and yeah, for once in my life, I am agreeing with David Garrett. Where was the apology? Where was the humility?
Where’s the fcking apology from the overseers of a system that crushes people? Where’s their humility Frida?
Or as David Garrett might say
” “Sincerity – if you can fake that, you’ve got it made.”
I thought it was Groucho Marx… Must look it up.
Edit – Yes, Groucho did say it before Burns, but apparently a French guy called Jean Girardoux deserves points for the original quip… in French, dammit!
Why should I be standing in line, just waiting for bread (when I am a good person and has always tried to be a worker, do the right thing as a citizen)? That’s the theme of the line from the Depression days Yip Harburg song.
Change it slightly – why should a single mother not be given enough money to train, learn and work towards getting a solid respected job and be a good parent. Just the sort of thing that a good country as NZ seems to still think it is, would do for its young people.
But Metiria didn’t get what she needed so she put herself out to make the required money and added it to the money that she was already getting so she could complete, and she did. She didn’t rob anyone. She worked harder and made the opportunity by increasing the tenants in her house. Which provided them with housing and her with needed extra money. And the great NZ class knocking machine comes out with its silver hammer and hits her on the head.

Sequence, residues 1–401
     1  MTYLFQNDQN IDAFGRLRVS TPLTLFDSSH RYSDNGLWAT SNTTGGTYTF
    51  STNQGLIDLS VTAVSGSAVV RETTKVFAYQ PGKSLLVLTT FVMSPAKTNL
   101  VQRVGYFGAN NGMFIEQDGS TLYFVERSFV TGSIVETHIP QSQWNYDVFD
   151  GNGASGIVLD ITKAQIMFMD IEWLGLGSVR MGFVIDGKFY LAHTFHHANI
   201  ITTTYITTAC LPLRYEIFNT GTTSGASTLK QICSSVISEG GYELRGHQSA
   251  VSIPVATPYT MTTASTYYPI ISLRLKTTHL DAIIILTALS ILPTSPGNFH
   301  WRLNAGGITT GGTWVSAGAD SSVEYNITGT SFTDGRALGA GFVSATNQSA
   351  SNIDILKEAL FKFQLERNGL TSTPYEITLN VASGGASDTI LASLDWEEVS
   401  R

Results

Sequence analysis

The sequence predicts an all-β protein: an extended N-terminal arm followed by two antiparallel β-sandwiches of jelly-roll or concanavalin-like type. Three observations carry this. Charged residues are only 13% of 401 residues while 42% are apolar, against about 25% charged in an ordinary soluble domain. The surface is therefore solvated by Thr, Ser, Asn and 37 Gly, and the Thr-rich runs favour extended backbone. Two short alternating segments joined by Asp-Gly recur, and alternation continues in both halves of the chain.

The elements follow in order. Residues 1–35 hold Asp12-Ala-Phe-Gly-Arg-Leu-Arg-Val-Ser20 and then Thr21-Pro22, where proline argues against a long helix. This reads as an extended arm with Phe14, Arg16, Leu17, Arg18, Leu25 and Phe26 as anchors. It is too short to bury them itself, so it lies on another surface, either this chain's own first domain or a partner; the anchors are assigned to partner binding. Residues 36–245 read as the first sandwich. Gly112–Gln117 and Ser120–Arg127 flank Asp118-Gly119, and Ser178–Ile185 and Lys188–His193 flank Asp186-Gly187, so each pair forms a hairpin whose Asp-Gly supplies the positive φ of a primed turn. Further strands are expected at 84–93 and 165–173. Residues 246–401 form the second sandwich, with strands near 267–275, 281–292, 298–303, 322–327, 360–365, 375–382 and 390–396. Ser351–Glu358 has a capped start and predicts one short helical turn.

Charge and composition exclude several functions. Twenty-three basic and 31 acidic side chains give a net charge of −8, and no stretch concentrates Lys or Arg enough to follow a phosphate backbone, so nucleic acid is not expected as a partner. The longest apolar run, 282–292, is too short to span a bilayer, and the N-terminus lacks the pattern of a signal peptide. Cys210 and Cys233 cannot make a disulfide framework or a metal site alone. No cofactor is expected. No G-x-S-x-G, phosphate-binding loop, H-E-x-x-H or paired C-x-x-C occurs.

Frida you and all the mean complainers should be apologising to all those young parents who need more than the mean help they get from the authorities. You should be complaining to the authorities who work hard to keep all these people in poverty and many of them in degrading circumstances. Not nit-picking from comfort, or from your own unfortunate circumstances.
The envy and meanness of people who have gone without and accepted it instead of complaining and insisting the authorities provide better, is the most unsettling thing to arise from this. Being proud of putting up with neglect and disdain, is showing false pride. Being proud of asking for fair and decent help definitely would be justified. Miserably resenting someone who broke through is malicious and quite a few yabbered the poor but honest pitch. NZs broken spirits spoke.
The Green Party is built on activism. After Bradford left, came AAAP, left wing think tanks, and ESRA.
After Norman came Greenpeace.
After Turei comes
And the ongoing stories of the NZ state’s inhumanity – the ones the powerful, the MSM and neoliberal pollies don’t want to hear.
but still the stories keep circulating; and still AAAP, Marama Davidson and her south Auckland supporters keep on doing the good work.
After this year’s election we on the left all have work to do! Let’s stop the blame game and get to work for a new direction!